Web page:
Viruses, Vol. 11, Pages 137: Filovirus Virulence in Interferon α/β and γ Double Knockout Mice, and Treatment with Favipiravir

Viruses, Vol. 11, Pages 137: Filovirus Virulence in Interferon α/β and γ Double Knockout Mice, and Treatment with Favipiravir Viruses doi: 10.3390/v11020137 Authors: Jason E. Comer Olivier Escaffre Natasha Neef Trevor Brasel Terry L. Juelich Jennifer K. Smith Jeanon Smith Birte Kalveram David D. Perez Shane Massey Lihong Zhang Alexander N. Freiberg The 2014 Ebolavirus outbreak in West Africa highlighted the need for vaccines and therapeutics to prevent and treat filovirus infections. A well-characterized small animal model that is susceptible to wild-type filoviruses would facilitate the screening of anti-filovirus agents. To that end, we characterized knockout mice lacking α/β and γ interferon receptors (IFNAGR KO) as a model for wild-type filovirus infection. Intraperitoneal challenge of IFNAGR KO mice with several known human pathogenic species from the genus Ebolavirus and Marburgvirus, except Bundibugyo ebolavirus and Taï Forest ebolavirus, caused variable mortality rate. Further characterization of the prototype Ebola virus Kikwit isolate infection in this KO mouse model showed 100% lethality down to a dilution equivalent to 1.0 × 10−1 pfu with all deaths occurring between 7 and 9 days post-challenge. Viral RNA was detectable in serum after challenge with 1.0 × 102 pfu as early as one day after infection. Changes in hematology and serum chemistry became pro...
Source: Viruses - Category: Virology Authors: Tags: Article Source Type: research

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Ebola virus is a large, negative-strand RNA virus composed of 7 genes encoding viral proteins, including a single glycoprotein (GP). The virus is responsible for causing Ebola virus disease (EVD), formerly known as Ebola hemorrhagic fever (EHF), in humans. In particular, Bundibugyo (BDBV), Zaire (EBOV), and Sudan (SUDV) species have been associated with large outbreaks of EVD in Africa and reported case fatality rates of up to 90%. Transmission of Ebola virus to humans is not yet fully understood but is likely due to incidental exposure to infected animals. EVD spreads through human-to-human transmission, with infection re...
Source: NIH OTT Licensing Opportunities - Category: Research Authors: Source Type: research
Recent occurrences of filoviruses and the arenavirus Lassa virus (LASV) in overlapping endemic areas of Africa highlight the need for a prophylactic vaccine that would confer protection against all of these viruses that cause lethal hemorrhagic fever (HF). We developed a quadrivalent formulation of VesiculoVax that contains recombinant vesicular stomatitis virus (rVSV) vectors expressing filovirus glycoproteins and that also contains a rVSV vector expressing the glycoprotein of a lineage IV strain of LASV. Cynomolgus macaques were vaccinated twice with the quadrivalent formulation, followed by challenge 28 days after the b...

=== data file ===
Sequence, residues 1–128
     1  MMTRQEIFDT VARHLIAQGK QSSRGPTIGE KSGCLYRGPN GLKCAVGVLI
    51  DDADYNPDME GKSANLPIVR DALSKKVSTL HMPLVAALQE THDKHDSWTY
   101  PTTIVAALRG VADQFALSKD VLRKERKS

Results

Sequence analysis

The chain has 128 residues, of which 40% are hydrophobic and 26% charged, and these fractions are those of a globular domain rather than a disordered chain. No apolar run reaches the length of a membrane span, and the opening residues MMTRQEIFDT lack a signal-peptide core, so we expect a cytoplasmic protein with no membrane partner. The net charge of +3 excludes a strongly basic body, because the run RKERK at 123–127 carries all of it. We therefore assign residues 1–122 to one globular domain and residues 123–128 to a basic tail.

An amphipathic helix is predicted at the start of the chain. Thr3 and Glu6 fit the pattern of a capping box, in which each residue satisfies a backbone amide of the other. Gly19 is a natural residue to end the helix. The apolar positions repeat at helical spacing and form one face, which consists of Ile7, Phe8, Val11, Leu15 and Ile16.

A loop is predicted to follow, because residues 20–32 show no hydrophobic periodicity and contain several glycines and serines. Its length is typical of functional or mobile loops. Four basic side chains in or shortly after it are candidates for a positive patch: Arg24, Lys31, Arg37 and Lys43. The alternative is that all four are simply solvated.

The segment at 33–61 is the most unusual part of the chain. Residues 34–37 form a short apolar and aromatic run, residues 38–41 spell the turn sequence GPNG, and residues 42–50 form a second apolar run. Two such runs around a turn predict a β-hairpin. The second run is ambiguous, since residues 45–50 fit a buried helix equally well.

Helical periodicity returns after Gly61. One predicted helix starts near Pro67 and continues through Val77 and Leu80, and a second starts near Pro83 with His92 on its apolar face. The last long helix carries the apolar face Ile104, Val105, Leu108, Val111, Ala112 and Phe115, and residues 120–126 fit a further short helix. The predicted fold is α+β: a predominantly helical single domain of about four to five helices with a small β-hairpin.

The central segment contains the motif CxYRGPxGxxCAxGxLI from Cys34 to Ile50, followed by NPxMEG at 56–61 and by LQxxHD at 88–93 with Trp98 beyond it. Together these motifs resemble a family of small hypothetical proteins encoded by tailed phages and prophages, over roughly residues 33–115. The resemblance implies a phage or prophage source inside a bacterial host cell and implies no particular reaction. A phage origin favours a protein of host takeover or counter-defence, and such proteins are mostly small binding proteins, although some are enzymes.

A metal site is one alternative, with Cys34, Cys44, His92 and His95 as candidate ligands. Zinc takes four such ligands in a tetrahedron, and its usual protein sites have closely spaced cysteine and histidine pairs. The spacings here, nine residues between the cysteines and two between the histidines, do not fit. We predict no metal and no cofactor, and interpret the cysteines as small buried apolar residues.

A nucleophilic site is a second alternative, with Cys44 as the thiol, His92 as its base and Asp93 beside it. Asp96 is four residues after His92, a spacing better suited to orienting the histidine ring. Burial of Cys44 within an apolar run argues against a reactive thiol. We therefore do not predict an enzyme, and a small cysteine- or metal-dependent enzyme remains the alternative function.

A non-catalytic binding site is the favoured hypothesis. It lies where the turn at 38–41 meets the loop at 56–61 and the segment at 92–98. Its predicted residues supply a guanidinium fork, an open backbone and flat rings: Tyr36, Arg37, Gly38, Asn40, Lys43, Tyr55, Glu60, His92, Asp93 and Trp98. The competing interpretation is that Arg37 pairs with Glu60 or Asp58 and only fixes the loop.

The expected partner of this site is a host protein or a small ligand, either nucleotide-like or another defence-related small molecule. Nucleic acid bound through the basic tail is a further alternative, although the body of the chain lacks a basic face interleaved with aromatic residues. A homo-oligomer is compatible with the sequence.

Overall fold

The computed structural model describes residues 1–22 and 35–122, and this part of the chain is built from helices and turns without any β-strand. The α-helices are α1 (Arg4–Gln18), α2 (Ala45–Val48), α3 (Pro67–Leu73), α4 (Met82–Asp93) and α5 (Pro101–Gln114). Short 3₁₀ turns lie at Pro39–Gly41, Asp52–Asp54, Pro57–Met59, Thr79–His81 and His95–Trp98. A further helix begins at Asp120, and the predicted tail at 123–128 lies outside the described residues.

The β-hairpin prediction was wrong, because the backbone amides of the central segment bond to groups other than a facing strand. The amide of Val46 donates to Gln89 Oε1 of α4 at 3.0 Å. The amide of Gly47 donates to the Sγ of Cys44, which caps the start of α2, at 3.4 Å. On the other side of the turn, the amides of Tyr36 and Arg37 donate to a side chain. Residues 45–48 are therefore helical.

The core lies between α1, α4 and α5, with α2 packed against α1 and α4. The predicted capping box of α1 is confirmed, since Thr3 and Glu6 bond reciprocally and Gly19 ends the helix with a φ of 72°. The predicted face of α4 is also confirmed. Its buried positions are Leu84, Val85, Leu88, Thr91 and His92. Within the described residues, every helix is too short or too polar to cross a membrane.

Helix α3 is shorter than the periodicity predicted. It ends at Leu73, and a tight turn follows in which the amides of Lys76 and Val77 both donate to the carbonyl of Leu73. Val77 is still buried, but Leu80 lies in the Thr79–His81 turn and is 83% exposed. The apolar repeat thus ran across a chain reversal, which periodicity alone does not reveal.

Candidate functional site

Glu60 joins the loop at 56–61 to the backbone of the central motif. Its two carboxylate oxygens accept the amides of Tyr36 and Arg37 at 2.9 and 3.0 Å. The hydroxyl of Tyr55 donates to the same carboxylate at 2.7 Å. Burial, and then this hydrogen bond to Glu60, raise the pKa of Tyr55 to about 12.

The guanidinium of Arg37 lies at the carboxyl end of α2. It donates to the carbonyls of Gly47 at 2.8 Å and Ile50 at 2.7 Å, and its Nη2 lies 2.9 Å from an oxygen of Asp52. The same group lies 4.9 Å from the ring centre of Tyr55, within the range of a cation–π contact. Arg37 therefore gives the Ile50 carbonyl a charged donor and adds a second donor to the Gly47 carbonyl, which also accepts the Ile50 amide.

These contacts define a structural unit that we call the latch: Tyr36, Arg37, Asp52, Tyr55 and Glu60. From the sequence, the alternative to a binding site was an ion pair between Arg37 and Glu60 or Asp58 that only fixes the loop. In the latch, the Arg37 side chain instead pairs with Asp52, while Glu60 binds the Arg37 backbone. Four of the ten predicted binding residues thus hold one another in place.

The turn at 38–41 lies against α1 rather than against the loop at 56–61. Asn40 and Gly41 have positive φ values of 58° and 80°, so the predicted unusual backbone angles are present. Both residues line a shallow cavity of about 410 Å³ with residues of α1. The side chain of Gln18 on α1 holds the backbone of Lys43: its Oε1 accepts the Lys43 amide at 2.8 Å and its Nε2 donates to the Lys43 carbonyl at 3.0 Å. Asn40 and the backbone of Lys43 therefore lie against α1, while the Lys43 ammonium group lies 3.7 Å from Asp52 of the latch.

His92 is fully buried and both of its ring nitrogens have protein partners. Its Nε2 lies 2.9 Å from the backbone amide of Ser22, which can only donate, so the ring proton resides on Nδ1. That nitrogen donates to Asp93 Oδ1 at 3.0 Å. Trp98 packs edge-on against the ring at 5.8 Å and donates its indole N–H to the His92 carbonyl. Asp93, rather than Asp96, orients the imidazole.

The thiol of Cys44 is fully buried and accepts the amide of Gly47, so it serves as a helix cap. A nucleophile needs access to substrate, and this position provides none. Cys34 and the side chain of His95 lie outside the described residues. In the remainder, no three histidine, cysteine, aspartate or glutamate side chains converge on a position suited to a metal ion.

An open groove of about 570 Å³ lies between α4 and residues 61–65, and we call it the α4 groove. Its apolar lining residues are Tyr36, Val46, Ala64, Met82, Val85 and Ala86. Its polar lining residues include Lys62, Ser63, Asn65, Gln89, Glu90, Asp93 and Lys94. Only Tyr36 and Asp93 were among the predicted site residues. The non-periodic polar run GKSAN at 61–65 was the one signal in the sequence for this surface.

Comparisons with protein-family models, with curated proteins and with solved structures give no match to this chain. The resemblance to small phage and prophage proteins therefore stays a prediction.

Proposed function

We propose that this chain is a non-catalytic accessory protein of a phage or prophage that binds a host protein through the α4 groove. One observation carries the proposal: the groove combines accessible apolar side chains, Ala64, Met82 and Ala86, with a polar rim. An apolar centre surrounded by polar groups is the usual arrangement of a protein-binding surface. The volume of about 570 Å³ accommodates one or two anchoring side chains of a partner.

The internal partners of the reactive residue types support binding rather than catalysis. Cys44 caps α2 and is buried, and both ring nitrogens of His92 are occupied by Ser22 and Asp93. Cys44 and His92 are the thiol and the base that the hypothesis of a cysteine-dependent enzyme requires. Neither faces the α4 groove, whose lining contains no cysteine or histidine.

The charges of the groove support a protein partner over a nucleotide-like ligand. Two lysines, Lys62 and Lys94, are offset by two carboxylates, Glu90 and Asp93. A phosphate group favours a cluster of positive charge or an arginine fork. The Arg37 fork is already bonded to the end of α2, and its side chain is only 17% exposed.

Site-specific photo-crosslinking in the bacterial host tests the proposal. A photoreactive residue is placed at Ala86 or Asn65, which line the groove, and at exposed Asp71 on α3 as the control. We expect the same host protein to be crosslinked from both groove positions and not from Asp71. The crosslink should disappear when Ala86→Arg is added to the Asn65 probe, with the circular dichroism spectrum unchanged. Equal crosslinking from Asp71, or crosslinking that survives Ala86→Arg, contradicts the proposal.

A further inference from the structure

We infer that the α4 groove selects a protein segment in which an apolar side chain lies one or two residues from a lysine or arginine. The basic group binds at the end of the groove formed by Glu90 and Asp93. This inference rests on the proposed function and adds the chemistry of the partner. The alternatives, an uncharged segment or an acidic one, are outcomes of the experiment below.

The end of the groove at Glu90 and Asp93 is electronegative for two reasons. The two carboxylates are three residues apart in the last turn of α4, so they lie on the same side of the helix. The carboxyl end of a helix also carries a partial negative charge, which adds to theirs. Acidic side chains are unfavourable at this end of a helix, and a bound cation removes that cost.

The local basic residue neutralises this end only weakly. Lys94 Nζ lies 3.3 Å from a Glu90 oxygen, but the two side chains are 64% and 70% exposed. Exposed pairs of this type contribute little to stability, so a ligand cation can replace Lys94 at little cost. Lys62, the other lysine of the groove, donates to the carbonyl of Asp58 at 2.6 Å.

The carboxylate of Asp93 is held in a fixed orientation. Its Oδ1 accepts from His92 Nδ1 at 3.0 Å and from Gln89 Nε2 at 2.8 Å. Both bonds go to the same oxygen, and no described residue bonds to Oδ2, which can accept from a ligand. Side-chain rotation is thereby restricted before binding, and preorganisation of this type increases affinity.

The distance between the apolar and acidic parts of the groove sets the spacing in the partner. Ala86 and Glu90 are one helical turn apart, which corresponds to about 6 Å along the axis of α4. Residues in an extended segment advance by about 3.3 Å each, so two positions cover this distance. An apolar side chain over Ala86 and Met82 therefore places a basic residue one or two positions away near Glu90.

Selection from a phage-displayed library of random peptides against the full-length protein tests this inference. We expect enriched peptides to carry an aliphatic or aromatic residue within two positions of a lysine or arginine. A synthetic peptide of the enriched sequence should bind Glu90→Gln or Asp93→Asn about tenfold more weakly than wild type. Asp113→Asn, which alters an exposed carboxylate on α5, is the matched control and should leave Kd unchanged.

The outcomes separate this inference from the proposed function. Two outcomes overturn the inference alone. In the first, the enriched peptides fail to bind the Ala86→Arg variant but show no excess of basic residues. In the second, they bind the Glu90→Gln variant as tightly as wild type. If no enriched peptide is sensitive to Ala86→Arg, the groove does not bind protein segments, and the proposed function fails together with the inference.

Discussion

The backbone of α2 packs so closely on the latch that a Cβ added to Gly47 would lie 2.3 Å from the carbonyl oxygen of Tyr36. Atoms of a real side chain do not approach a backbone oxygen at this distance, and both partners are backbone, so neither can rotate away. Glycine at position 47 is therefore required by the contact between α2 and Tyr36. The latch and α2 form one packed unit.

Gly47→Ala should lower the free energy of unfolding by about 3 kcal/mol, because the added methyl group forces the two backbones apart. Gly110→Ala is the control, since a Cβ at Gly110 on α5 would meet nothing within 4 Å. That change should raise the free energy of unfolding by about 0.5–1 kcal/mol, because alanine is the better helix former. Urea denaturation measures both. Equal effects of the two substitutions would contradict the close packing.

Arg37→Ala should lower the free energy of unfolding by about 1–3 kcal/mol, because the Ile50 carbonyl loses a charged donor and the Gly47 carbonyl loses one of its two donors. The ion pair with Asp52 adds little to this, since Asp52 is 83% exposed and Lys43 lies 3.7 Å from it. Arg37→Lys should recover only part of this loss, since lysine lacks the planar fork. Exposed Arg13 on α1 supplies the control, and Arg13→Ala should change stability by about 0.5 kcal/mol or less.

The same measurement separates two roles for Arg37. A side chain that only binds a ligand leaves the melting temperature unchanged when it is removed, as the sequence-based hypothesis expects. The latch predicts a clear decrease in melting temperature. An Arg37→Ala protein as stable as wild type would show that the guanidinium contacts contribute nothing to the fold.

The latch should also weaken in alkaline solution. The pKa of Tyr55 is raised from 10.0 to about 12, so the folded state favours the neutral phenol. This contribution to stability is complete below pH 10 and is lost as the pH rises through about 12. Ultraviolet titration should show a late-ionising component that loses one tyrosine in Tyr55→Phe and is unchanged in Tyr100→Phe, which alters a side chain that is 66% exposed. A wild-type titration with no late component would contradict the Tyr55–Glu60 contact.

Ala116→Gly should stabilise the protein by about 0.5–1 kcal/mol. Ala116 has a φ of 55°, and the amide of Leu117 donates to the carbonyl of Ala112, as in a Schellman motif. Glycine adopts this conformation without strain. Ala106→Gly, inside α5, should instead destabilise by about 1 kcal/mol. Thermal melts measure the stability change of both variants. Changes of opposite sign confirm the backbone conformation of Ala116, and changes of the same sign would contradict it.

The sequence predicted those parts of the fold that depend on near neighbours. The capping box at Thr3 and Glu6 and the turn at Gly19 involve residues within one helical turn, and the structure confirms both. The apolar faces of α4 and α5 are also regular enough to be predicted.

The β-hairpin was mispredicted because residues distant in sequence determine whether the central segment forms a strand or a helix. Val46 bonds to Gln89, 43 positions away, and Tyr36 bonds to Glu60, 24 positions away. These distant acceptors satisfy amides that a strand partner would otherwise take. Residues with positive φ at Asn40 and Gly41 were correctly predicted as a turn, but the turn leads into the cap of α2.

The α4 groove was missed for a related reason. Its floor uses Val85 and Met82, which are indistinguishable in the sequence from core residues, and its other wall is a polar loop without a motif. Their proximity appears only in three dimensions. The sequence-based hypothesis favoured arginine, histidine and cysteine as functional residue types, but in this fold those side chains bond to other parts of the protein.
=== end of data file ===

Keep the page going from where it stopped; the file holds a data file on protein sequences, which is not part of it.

Source: Journal of Clinical Investigation - Category: Biomedical Science Authors: Source Type: research
by Brien K. Haun, Varney Kamara, Abigail S. Dweh, Kianalei Garalde-Machida, Saymajunkon S. E. Forkay, Melissa Takaaze, Madhuri Namekar, Teri Ann S. Wong, Ayesha E. R. Bell-Gam Woto, Peter Humphreys, Ophelia I. Weeks, Mosoka P. Fallah, John M. Berestecky, Vivek R. Nerurkar, Axel T. Lehrer Filoviruses such as Ebola virus (EBOV) cause outbreaks of viral hemorrhagic fevers for which no FDA-approved vaccines or drugs are available. The 2014–2016 EBOV outbreak in West Africa infected approximately 30,000 people, killing more than 11,000 and affecting thousands more in areas still suff ering from the effects of civil wars....
Source: PLoS Neglected Tropical Diseases - Category: Tropical Medicine Authors: Source Type: research
Ebola Virus Disease (EVD) is a disease caused by infection with viruses from the familyFiloviridae, genusEbolavirus. Ebola virus was first discovered in 1976 in Africa and has since caused numerous outbreaks throughout the continent including the largest outbreak in history in West Africa during 2014-2016. Previously, there were three identified Ebolavirus species which were known to cause disease in humans: Ebola virus (Zaire ebolavirus); Sudan virus (Sudan ebolavirus); and Tai Forest virus (Tai Forest ebolavirus). CDC discovered a fourth novel virus, first identified in Uganda, Bundibugyo virus (Bundibugyo ebolavirus). T...